For Cause and Comrades: Why Men Fought in the Civil War Quiz

This Study Guide consists of approximately 28 pages of chapter summaries, quotes, character analysis, themes, and more - everything you need to sharpen your knowledge of For Cause and Comrades.

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Questions 1-5 of 25:


During Stonewall Jackson's Shenandoah Valley campaign in 1862, some of his men fought five battles in addition to marching how many miles in a single month? (from Chapter 12, The Same Holy Cause)


In the discussion of the psychological and physiological issues soldiers faced in 1864, a private in the 100th Pennsylvania wrote that he slept one night out of how many? (from Chapter 12, The Same Holy Cause)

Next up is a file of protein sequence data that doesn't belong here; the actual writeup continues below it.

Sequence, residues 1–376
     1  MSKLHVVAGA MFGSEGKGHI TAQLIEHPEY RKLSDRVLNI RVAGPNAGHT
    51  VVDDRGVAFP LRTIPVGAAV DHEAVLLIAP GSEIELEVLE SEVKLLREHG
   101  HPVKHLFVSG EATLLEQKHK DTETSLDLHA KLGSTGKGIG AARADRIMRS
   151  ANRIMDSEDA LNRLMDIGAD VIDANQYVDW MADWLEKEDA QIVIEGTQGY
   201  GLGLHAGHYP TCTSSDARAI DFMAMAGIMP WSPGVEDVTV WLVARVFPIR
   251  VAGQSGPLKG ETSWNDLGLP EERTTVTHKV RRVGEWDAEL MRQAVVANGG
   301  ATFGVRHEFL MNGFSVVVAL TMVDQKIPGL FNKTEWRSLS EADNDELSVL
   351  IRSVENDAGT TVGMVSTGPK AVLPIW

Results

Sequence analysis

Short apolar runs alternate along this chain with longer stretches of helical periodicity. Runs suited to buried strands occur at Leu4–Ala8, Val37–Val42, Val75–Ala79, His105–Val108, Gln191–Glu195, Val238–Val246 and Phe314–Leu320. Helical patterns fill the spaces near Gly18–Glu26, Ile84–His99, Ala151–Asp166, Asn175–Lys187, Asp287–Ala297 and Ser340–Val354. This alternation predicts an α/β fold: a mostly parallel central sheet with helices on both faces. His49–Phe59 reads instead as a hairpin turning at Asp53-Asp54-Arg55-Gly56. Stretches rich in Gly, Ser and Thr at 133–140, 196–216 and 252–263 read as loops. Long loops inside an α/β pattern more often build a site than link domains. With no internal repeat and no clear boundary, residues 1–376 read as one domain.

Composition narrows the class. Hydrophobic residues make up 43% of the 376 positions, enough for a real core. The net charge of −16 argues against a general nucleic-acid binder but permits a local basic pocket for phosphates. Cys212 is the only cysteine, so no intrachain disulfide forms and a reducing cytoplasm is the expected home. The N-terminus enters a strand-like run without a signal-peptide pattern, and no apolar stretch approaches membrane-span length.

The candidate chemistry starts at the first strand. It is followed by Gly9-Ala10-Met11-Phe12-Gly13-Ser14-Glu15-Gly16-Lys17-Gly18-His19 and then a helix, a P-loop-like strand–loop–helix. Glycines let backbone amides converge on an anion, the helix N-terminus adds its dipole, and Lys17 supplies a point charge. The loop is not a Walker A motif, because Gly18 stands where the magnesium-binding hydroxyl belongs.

As McPherson discusses the statistics for married men versus unmarried men, what percentage of married soldiers does he say were killed in action? (from Chapter 10, We Know That We are Supported at Home)


After the battle of Chancellorville, a lieutenant in the 17th Connecticut wrote home that the captain had resigned and gone home; what was the captain's name? (from Chapter 6, A Band of Brothers)


According to "Chapter 4: If I Flinched I Was Ruined," the ultimate test of leadership was what? (from Chapter 4, If I Flinched, I Was Ruined)

For Cause and Comrades: Why Men Fought in the Civil War from BookRags. (c)2017 BookRags, Inc. All rights reserved.
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